Sandra R. Levin
Department of Curriculum and Instruction
University of Illinois
1310 S. 6th St.
Champaign, IL 61820 USA
v: (217) 244-0537
f: (217) 244-7620
Education, K12; Education, higher; Research, academic
Innovative or improved ways of doing things; More equitable access to technology or electronic information; Creation of new ideas, products, or services; Technology transfer ; Leverage of public funding; Partnerships between public and private sector
Supporting Documentation (contact author for more information):
Other: electronic mail messages
At the University of Illinois, in the Spring of 1992, Sandra R. Levin, Eva E. Toth, & Cheryll Douglas conducted a project title: Earth Day Treasure Hunt. Students from around the world participated through an educational network know as FrEdMail, and the Internet. We felt this project was extremely successful mainly due to students who participated using the Internet. We have included a summary of the project.
Summary of the Earth Day Treasure Hunt Project Three doctoral students from the University of Illinois established a three way partnership and took on the roles of project coordinators. Active participants included the project coordinators at the University of Illinois, local elementary schools and elementary, middle and high school classrooms throughout the United States and several European countries. We used an existing computer-based network, called FrEdMail, to connect the participants and invited others to join who had access to educational networks on the Internet. The tasks of sending and receiving e-mail messages, organizing and verifying the clues submitted, assembling the treasure hunts, responding to participants’ transmission problems and sending certificates to the participants were divided among the project coordinators.
Twenty sites participated in the project. In some classrooms, each student submitted their own set of clues. In other classrooms, one or two sets of clues were discussed and formulated by the class and submitted. The participants ranged from grades 3 through 9.
As each set of clues was sent to the coordinator, it was reviewed and categorized as easy, medium, hard, or challenging. The participants were asked to include the reference that was used in formulating the clues so that we could verify the accuracy of the information. By the deadline for submission of clues, over 100 sets of clues were to be verified and assembled into treasure hunts. This was four times the number of clues expected which greatly increased the project coordinators work load. Four treasure hunts instead of one were assembled based on level of difficulty. Here is an example taken from the easy treasure hunt:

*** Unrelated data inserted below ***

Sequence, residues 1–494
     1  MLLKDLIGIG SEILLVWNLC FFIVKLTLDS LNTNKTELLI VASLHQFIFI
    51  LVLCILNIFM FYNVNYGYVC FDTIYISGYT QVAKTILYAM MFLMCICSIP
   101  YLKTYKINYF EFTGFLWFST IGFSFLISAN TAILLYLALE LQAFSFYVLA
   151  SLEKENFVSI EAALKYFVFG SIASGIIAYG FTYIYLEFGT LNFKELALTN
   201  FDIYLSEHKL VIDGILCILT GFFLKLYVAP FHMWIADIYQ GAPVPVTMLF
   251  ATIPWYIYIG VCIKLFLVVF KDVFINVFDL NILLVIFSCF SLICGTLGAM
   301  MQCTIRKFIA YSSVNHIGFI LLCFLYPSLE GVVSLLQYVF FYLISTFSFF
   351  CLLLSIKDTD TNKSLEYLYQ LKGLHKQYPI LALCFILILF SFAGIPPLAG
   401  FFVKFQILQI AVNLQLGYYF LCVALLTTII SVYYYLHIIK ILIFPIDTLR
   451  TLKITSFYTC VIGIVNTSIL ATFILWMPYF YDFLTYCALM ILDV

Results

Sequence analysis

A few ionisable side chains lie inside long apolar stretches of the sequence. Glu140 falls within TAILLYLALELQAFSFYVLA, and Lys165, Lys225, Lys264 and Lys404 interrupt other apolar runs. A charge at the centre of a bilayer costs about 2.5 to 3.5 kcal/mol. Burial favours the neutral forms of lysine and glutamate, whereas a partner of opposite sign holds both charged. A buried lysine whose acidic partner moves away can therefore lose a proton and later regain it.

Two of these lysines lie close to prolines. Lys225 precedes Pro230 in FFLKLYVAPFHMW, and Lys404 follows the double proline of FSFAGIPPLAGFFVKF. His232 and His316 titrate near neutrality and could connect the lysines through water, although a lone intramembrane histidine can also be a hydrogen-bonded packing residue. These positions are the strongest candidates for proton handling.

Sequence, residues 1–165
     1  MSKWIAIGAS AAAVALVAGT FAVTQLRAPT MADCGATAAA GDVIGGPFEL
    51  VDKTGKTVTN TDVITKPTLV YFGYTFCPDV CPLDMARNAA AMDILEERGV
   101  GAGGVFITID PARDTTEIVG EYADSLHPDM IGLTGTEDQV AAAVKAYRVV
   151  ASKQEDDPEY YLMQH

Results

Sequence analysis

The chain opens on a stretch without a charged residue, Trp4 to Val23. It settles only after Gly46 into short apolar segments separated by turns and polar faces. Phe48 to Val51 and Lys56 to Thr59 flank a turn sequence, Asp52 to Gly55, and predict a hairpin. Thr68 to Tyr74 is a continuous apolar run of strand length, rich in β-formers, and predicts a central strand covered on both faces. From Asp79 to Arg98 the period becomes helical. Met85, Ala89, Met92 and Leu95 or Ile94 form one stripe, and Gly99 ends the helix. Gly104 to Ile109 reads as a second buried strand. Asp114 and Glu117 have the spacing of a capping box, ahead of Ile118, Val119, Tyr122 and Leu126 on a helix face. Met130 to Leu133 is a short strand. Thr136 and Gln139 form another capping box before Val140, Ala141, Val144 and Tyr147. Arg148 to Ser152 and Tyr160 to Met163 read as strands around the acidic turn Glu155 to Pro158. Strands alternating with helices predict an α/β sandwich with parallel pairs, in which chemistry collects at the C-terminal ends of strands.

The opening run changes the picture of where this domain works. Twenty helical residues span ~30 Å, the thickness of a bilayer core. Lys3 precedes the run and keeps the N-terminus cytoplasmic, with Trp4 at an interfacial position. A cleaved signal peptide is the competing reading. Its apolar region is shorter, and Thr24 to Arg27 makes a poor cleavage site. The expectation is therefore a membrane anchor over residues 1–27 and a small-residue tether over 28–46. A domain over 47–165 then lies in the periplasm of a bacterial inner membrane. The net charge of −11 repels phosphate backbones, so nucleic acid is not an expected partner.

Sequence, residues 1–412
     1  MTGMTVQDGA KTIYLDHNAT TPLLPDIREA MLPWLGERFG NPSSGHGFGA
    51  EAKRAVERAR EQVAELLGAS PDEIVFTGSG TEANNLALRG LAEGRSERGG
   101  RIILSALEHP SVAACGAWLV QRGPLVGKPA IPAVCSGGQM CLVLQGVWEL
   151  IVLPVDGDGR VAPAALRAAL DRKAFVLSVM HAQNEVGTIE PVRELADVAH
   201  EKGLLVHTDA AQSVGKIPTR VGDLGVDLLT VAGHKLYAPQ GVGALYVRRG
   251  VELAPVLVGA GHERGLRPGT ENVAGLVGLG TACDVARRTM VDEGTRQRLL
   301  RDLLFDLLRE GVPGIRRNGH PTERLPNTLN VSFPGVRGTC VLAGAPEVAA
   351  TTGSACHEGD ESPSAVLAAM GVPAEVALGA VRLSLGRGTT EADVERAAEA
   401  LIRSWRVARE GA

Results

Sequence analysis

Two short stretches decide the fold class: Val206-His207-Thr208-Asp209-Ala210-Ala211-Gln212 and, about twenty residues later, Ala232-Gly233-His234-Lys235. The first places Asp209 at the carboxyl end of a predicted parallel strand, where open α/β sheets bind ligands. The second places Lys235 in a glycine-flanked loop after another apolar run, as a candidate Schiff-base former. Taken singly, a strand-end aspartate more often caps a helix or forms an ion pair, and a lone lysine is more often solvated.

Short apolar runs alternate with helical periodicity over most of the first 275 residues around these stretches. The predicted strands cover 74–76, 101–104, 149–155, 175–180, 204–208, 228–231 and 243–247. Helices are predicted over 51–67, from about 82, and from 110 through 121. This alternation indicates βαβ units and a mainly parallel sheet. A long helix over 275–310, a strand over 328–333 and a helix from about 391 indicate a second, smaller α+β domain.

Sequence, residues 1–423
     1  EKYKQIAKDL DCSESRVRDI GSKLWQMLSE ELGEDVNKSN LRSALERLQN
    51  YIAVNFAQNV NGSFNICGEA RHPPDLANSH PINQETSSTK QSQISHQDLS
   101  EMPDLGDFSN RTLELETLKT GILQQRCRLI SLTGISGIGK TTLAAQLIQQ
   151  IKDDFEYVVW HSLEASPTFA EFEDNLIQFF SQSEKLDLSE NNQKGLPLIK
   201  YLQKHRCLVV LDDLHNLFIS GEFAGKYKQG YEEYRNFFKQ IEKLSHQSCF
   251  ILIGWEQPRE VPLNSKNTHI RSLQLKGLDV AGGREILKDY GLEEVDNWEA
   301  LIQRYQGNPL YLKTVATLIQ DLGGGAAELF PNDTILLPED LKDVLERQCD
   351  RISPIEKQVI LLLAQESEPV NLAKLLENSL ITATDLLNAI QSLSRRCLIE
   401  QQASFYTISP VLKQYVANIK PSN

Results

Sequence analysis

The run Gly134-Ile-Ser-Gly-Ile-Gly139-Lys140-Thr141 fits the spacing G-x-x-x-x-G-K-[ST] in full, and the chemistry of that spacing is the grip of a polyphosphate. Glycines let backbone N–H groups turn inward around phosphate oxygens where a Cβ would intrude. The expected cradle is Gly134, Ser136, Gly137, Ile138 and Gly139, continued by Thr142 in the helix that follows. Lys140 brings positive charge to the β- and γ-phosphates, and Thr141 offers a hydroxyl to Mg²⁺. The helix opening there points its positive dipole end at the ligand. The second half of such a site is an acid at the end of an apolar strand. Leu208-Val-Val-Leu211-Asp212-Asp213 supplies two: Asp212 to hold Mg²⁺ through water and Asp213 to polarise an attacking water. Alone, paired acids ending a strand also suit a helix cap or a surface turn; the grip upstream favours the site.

Spend the evening at the ball game and discuss plans for getting to your next destination. After the game, board a bus to travel east. Clue 1. This is the oldest city on the Mississippi River. Clue 2. 1.5 – 2 hours away from its state capital city. Clue 3. It’s about 31 degrees latitude and 92 degrees longitude. Clue 4. It has one of the first found Indian mounds “The Emerald Mounds” Clue 5. Its state flower is the Magnolia and state bird is the Mockingbird. STUDENT SOURCE: THE NEW RAND MCNALLY COLLEGE WORLD ATLAS.
Several days before Earth Day, the treasure hunts were uploaded to all the project participants. We asked that they conduct the treasure hunt withholding the last set of clues until the end. The deadline of one week to complete the treasure hunt was extended to two weeks since some of the teachers stated that the treasure hunts were too long. After the two week deadline the treasure hunt solutions were sent.
Taking all this into account, most participants enjoyed the Earth Day Treasure Hunt and commented on the educational value of such network-based projects. Some teachers took this opportunity to introduce students to several reference books in their school libraries, others used it as an opportunity to teach the students how to use CD- ROM and network databases, while others used it as a training session on uploading and downloading files from the network.